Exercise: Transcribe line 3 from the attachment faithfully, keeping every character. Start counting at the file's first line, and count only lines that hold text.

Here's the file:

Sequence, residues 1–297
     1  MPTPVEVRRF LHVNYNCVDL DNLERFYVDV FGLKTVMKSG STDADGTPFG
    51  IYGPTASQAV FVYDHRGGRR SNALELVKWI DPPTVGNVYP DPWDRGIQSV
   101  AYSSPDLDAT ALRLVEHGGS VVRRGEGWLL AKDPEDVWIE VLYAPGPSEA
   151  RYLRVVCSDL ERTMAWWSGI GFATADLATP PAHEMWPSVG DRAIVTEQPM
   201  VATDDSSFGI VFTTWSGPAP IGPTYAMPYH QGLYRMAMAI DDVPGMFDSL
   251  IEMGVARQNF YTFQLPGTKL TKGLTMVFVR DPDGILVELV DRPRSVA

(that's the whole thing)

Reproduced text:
    51  IYGPTASQAV FVYDHRGGRR SNALELVKWI DPPTVGNVYP DPWDRGIQSV